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# [java] System.currentTimeMillis() / regulating game speed

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Hi, I read somewhere that you should avoid using System.currentTimeMillis() whenever possible. Why is this? And also, what else could you use that is equally simple to regulate you game''s speed? Only a simple way to make sure each frame is not displayed less than a certain amount of time. i.e. More a speed limiter. Thanks..

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You don''t use that method because for most operating systems it''s resolution is only 50ms. This is bad because any frame that takes less than 50ms is treated as taken 50ms, which effectively limits you to 20fps. The solution is to use either a native timer (easy to write yourself), there is also a pure java timer around here somewhere (maybe someone else can post, and help with that), or you can use Java 1.5.0''s System.nanoTime()

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LWJGL includes a hi-res timer. You can check it out at http://www.lwjgl.org/.

First make it work, then make it fast. --Brian Kernighan

The problems of this world cannot possibly be solved by skeptics or cynics whose horizons are limited by the obvious realities. We need men and women who can dream of things that never were. - John Fitzgerald Kennedy(35th US President)

Do not interrupt your enemy when he is making a mistake. - Napolean Bonaparte

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Nice plug. <3LWJGL

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Sure, but you can do this to get good game timing
from System.currentTimeMillis():

long step = 0;

// Do this before the FIRST frame only.
long start = System.currentTimeMillis();

// One frame of fabulous Java game programming goes HERE.

// Now, here''s the delay code, after each frame.
// We calculate how long the game SHOULD take to run
// to this point, compare this to how long the game
// HAS been running, and if the latter is less than
// the former, we sleep until things are back in sync.
// This smooths out the timer resolution issue nicely.
// You could have a problem if the game ran for
// many zillions of frames and an integer overflow occurred,
// but if that''s a real concern for you, no big deal -- just
// reset "start" to the current time once an hour or something.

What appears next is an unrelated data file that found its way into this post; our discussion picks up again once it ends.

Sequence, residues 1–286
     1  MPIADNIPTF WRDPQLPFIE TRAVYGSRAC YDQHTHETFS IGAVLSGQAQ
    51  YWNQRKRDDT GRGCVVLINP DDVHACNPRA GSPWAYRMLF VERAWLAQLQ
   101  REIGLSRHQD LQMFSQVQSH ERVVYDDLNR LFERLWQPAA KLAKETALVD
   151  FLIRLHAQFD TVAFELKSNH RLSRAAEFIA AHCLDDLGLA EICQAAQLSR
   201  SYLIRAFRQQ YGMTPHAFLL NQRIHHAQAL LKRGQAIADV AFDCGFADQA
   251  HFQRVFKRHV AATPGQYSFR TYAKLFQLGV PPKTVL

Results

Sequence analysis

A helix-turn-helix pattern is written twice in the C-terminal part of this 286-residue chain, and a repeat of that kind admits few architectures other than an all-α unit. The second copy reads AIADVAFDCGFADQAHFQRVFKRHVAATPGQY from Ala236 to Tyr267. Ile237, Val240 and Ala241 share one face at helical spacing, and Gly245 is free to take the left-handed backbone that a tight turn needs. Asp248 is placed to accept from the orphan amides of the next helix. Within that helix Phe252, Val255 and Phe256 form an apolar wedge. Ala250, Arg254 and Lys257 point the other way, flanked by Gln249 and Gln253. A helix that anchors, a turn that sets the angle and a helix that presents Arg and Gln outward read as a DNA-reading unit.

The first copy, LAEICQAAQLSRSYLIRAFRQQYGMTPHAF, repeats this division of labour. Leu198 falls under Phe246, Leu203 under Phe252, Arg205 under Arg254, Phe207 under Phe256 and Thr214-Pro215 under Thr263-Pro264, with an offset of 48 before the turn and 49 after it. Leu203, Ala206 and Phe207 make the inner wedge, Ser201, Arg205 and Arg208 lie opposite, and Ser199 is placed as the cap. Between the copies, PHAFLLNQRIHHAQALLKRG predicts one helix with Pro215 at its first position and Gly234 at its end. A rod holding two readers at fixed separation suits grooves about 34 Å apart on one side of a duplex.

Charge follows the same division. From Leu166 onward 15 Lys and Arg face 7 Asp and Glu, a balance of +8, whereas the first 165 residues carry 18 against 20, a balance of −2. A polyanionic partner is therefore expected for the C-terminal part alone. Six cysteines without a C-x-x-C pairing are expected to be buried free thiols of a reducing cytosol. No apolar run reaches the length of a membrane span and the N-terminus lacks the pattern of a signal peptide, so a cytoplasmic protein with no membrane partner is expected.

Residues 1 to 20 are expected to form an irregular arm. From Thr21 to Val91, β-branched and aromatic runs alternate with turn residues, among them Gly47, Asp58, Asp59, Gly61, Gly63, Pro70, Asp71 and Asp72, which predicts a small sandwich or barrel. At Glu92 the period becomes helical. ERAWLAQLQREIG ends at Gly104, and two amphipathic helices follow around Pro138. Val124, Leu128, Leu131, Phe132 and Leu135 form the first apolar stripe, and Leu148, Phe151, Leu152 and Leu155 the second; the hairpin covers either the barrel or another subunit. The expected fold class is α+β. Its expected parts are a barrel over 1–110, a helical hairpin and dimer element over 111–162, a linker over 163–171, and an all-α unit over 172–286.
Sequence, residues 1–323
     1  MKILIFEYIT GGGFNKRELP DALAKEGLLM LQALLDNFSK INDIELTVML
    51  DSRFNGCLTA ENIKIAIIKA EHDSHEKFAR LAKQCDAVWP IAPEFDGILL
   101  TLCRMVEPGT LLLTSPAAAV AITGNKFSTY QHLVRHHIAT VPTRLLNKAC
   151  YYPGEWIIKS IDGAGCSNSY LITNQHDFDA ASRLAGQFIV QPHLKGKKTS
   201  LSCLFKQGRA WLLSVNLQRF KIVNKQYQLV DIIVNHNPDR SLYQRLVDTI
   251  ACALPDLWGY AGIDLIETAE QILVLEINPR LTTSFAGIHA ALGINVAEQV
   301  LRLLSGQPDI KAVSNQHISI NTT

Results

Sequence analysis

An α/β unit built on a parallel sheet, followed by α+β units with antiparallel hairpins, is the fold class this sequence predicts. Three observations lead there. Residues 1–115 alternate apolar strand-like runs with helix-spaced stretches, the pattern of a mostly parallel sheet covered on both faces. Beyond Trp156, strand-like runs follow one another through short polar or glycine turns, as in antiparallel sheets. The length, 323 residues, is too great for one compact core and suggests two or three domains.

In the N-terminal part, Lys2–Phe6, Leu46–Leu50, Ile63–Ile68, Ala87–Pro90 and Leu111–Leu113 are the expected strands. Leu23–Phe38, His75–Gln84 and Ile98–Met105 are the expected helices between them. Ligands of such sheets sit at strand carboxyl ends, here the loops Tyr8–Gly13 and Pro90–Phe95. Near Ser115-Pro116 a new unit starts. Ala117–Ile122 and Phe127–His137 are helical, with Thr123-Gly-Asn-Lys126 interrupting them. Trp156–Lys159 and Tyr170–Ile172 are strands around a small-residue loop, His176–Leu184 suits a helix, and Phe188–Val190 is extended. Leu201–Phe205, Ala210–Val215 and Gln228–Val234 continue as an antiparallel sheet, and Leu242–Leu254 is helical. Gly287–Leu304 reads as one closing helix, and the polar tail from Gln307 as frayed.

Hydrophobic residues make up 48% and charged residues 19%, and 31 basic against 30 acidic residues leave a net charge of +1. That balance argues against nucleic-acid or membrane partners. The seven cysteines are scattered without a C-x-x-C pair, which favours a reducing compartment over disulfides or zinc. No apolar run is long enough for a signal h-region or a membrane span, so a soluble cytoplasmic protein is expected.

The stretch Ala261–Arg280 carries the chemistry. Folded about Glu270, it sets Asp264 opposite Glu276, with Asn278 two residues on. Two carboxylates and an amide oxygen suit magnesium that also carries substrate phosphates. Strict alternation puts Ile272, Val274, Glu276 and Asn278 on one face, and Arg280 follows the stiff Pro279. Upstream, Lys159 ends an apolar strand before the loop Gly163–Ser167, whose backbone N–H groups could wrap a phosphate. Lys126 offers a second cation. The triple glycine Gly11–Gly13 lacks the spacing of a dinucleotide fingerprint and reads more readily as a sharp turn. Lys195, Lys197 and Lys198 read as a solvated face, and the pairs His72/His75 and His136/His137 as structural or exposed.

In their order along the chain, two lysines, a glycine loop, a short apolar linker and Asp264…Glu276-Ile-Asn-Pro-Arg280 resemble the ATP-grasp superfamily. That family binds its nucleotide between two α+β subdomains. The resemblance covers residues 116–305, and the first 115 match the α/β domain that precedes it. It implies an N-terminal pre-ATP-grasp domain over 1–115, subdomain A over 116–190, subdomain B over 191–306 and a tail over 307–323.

int frameDelay = 1000 / framesPerSecond;
long now = System.currentTimeMillis();
long elapsed = now - start;
long ideal = step * frameDelay;
if (ideal > elapsed) {
try {
} catch (Exception e) {
// Yeah, whatever
}
} else {
}
step++;

Thomas Boutell
Boutell.Com, Inc.
Purveyors of quality web resources since 1993.

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boutell: There are 2 problems.

1. As discussed, System.currentTimeMillis() only has a maximum resolution of 50ms. This only allows a maximum framerate of 20fps. For a game to be perceived as smooth, 20 is not bad, but 33 should be the minimum to shoot for.

2. Your method locks the framerate and makes all calculations based on framerate. You should make all calculations based on time and allow the framerate to be as fast as possible. This makes your game run at the same speed on all computers.

First make it work, then make it fast. --Brian Kernighan

The problems of this world cannot possibly be solved by skeptics or cynics whose horizons are limited by the obvious realities. We need men and women who can dream of things that never were. - John Fitzgerald Kennedy(35th US President)

Do not interrupt your enemy when he is making a mistake. - Napolean Bonaparte

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quote:
Original post by Anonymous Poster
You don't use that method because for most operating systems it's resolution is only 50ms.

Thats only true on win 98/me and it will be at most 50ms although it can vary down to 30ms, very erratic.

MacOSX and linux are really quiet decent and win 2000/xp isn't too bad.

Also you can let the rendering run flat out and only update the game logic every X ms like:

while(true)  {  render();  if(System.currentTimeMillis()-lastTime > 30) {     update();     lastTime = System.currentTimeMillis();  }}

[edited by - nonnus29 on April 7, 2004 7:13:20 PM]

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quote:
You don''t use that method because for most operating systems it''s resolution is only 50ms. This is bad because any frame that takes less than 50ms is treated as taken 50ms, which effectively limits you to 20fps.

nonnus is correct, windows from nt onwards has, i believe, about a 15ms resolution, and osX and linux are both around 1ms.

also, if you ever get output from currentTimeMillis() youll notice you would *not* get 50ms everyframe in win98. if it has been less than the resolution since your last test, you will get 0 as the time since then, and if it is more, then youll get the full 50ms...in other words, its similar to an integer divide, no "fractional" time between the two, almost always.

what this means, though, is that you can average out the framelengths...and you definitely want to do this if you want to do framerate independent movement because a delatT of 0 is completely useless.